Question of the Week: How do I deal with shin splints?
Answer: Generally, shin splints are a relatively minor issue if dealt with immediately. The prescription? REST. Usually 2-3 days will do. Icing can also be done for 15-20 minutes at a time every 3 or 4 hours. Note that shin splints can often be an indicator that it's time to get a new pair of shoes! (I inevitably get shin splints everytime my shoes hit about 350 miles.) There are some exercises you can do to help prevent shin splints. My favorites are the following:
Heel drops - Stand with your the front of your feet on a raised surface. A curb or a stair are usually the easiest. Drop your heel down below the level of the surface.
Calf raises - Stand on a flat surface and raise up onto the balls of your feet.
Toe Pick-ups - I like to do these with marbles, but you can use anything small... dice are another option.
Place the objects and a bowl on the floor. Move the objects one at a time with your toes to the bowl. Make sure you repeat with the other foot!
Tip of the week: Nutrition!
Everyday – No low-carb diets here. We are runners!!! The recommended calorie mix is 60-65% of your calories from carbohydrates, 20-25% of calories from fat, and 12-15% of calories from protein. Keep a lot of those carbs coming from whole grain and veggies! I know that those of us trying to lose weight try to cut the carbs first, but remember this line - “fat burns in a carbohydrate flame”. In other words, if your body is completely depleted of carbohydrates, it cannot burn fat. It literally does not have the right chemistry to form the energy molecules from the fat.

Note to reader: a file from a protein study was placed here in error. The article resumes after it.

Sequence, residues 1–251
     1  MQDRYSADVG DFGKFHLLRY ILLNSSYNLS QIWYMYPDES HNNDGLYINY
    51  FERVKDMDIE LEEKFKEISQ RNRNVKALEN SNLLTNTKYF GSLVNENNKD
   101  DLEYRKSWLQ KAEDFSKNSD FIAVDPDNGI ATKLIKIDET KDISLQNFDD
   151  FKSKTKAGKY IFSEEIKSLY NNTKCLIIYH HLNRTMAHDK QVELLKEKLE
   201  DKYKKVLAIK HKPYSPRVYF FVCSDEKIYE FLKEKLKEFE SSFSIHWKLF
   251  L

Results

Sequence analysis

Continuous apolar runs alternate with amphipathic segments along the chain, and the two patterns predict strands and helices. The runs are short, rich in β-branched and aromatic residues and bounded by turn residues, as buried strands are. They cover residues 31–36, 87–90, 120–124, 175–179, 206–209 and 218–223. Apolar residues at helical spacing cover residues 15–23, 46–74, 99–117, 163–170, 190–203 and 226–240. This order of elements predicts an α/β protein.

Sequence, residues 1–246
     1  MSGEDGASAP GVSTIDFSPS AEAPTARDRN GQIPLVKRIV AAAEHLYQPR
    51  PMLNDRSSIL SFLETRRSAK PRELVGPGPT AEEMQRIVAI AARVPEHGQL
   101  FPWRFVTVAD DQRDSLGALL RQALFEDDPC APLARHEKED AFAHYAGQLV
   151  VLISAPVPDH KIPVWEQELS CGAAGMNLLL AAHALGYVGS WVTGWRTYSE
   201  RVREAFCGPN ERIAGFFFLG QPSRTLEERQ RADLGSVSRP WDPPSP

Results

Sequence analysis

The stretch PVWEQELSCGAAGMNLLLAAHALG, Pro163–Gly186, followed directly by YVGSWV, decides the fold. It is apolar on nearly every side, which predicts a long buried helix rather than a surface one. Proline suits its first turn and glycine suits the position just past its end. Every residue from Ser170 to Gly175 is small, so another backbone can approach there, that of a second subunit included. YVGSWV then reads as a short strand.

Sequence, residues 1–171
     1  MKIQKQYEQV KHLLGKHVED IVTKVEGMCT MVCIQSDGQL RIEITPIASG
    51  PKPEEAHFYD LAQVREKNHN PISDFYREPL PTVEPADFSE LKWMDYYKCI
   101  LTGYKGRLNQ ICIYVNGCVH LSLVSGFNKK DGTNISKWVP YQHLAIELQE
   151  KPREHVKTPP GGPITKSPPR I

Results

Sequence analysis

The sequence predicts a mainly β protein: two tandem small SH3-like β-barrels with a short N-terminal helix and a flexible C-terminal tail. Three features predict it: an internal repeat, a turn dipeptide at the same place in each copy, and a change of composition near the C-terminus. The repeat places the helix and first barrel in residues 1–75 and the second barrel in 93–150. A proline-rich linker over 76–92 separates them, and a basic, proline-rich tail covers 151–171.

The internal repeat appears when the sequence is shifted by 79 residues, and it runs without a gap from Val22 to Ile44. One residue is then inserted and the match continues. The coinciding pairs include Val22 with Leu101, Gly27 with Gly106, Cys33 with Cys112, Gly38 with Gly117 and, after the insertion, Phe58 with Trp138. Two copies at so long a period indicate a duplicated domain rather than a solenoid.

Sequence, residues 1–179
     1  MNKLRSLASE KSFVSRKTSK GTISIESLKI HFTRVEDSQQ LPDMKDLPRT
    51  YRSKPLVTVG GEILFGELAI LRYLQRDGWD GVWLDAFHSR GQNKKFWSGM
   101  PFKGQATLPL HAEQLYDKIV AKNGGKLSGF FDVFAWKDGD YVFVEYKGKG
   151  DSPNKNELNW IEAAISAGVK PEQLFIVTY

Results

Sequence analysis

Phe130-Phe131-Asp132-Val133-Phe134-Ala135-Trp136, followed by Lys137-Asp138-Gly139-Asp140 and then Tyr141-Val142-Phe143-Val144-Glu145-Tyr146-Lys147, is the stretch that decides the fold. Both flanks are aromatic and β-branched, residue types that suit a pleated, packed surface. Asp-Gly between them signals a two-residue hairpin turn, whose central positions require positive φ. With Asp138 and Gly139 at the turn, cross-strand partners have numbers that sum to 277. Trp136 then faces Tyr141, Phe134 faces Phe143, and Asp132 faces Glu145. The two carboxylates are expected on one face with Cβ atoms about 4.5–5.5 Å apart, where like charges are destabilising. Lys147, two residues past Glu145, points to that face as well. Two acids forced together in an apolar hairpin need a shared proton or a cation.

Before running – It’s good to get some nice carbs into your system prior to a run. Something small, just to get you going. My ideal pre-run breakfast is half of a whole-grain bagel with a tablespoon or so of peanut butter. Also a health bar would be ok – like a Clif bar or similar. Just be sure to read the ingredients… some have a TON of sugar. You also need to test things out. I can only eat an entire Clif bar if I have 2 hours until a run. If I’m taking something down 30 minutes before, it has to be much lighter… but anything to jump start your system – just stay away from high fat and fiber! Go for mostly carbs with a little bit of protein. You don’t want to start a run hungry, or you will likely hit a wall pretty quickly. Here's an "Eating Before Exercise" fact sheet from SCAN. However, I find my body doesn't need 3 or 4 hours. I rarely wake up that much before a race. Test it out and see what works for you!
Post-run – Your body is most receptive to re-fueling in the 30 minutes following your run. But definitely within 2 hours. Take in some carbs and lean protein. If you’ve just put in a really hard effort go for quick-to-digest carbs (anything white – rice, bread, pasta, etc). Chocolate milk and eggs on a tortilla are some common post-run favorites. Ideally, you’d like a 4:1 Carb-to-Protein ratio. No need to overthink it, though, just get in some carbs with a little protein so your body can start re-building. Don't forget to also restore fluids and electrolytes (primarily sodium and potassium). Here's SCAN's fact sheet "Eating for Recovery".
I’ll save “during the run” nutrition for another week.
Motivational quote of the week -